Well, I'm only into the first category of nominations in my logorrheic entry regarding Tuesday morning's Oscar announcements, and it's fast approaching 1:00 a.m. I in no way imagine there's anyone out there in Blogland breathlessly awaiting my observations re all this seasonal silliness. That said, I am going to have to pack it in tonight, as lingering cold symptoms and simple exhaustion are beginning to take their toll. If at all possible, I hope to have something posted and ready for shredding as early as tomorrow evening, and it promises to be a long one, so be sure to stock up on your double espressos and Diet Rockstars now.
But there are a few things outstanding, so with apologies to Pete Townshend, here are just a couple of unrelated quick ones before I go:
Patty and I managed to rent four movies this weekend and actually saw all of them. The first was Eternal Sunshine of the Spotless Mind. Leaving no room for "I told you so's" and the like, I have to admit that my original three-star, moderately enthusiastic response fell about a full star short of the mark. Seen in real time, and in color (my only previous encounter with it was at work), the movie neatly stripped away almost all of my objections and fulfilled its promises of heady sci-fi-tinged emotionalism rather spectacularly. What seemed like mere plot devices before seemed wholly integrated and organic developments this past weekend; the entire experience was a crash course in how a movie can expand (or, of course, shrink) on a second viewing, depending on a million different variables, some of which we control, some of which we don't.
The second part of our Saturday night triple feature was Young Adam, a grim, deliberately paced (a mite overly so, I thought) , pictorially splendid but ultimately unyielding exercise in British kitchen-sink noir. This movie goes a long way without saying much about its rootless, demon-driven protagonist, played by Ewan MacGregor, who knows more than he lets on about the cause of death of a female corpse he finds floating in a Scottish canal. And it's loaded with unpleasant sex, usually conducted in locations that made me think less about eroticism than goosepimples-- these folks are forever rutting outside, in the rain and fog, under train cars or in dimly lit and dank boat compartments, steam rising from their bodies more due to extreme thermal contrasts than carnality. The only sex scene that takes place in the comfort of the indoors is also the movie's most grotesque, a rape scene so humiliating that I was jarred out of all subjectivity and lost my desire to track what made its perpetrator, MacGregor's character, so reticently tick. I left the experience knowing two things for sure: 1) Ewan MacGregor is a very good actor and a magnetic screen presence 2) He's also got a very big penis. What I couldn't fathom was to what exactly was the film's title referring, or why I should care.
Thank God we topped off with Harold and Kumar Go to White Castle, in no way a great film, but still a terrific antidote to the rudderless nihilism of Young Adam, and a damn sight more intelligent a consideration of race in America in 2005 than I would have guessed when it came out last summer. It's a very funny gross-out comedy in a long tradition of gross-out comedies that deliver a lot less in terms of laughs and smarts.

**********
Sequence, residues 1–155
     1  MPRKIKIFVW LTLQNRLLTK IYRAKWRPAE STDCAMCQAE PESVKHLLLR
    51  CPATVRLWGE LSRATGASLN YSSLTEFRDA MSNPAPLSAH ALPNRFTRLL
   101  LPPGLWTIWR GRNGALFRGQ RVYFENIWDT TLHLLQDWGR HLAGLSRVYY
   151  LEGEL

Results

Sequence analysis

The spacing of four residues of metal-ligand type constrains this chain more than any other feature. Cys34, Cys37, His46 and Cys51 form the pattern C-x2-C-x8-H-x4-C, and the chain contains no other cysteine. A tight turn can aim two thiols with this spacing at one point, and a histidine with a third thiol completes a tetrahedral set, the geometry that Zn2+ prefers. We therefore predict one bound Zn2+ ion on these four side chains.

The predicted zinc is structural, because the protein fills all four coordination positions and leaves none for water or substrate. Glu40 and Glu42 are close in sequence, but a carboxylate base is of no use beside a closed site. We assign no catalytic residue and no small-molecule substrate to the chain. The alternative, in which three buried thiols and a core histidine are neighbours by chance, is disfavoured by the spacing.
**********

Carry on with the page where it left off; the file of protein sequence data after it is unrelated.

The next night I finally got Patty to see Hidalgo, which she, to my delight, found as captivating and exciting as I did. My appreciation starts from director Joe Johnston on down, but while she loved the movie as a whole, I suspect her appreciation might find its roots closer to what my best friend Bruce has termed "Viggo Amour," a condition to which his wife has also succumbed. Not a bad weekend for Patty, all told, what with MacGregor and Mortensen both lighting up our big screen this past weekend. And imagine my surprise when I came home Sunday night and found her watching her special edition DVD of Trainspotting...
I have hopes for a movie currently featured at the Sundance Film Festival called Game Six, an original screenplay by author Don DeLillo centering around a kidnapping that takes place during the infamous Red Sox game which extended the Curse of the Bambino and made Bill Buckner an all-time Boston goat. This past Saturday's Los Angeles Times featured a very good article about DeLillo, his surprisingly avid appreciation for film, and the development of this project, the first screenplay he's written. Check it out at http://www.calendarlive.com/custom/envelope/cl-et-delillo22jan22,2,6546903.story?coll=cl-movies-features
Speaking of good writing, Manohla Dargis has come up with another terrific piece, this time on plastic surgery's grim implications for actors and films, in the New York Times. Read it at http://www.nytimes.com/2005/01/23/movies/23darg.html?oref=login
Finally, it's so strange to think of him as gone, but nonetheless I'd like to wish a pleasant journey to Mr. Carson...
Goodnight, stars... Goodnight, air... Goodnight, noises everywhere...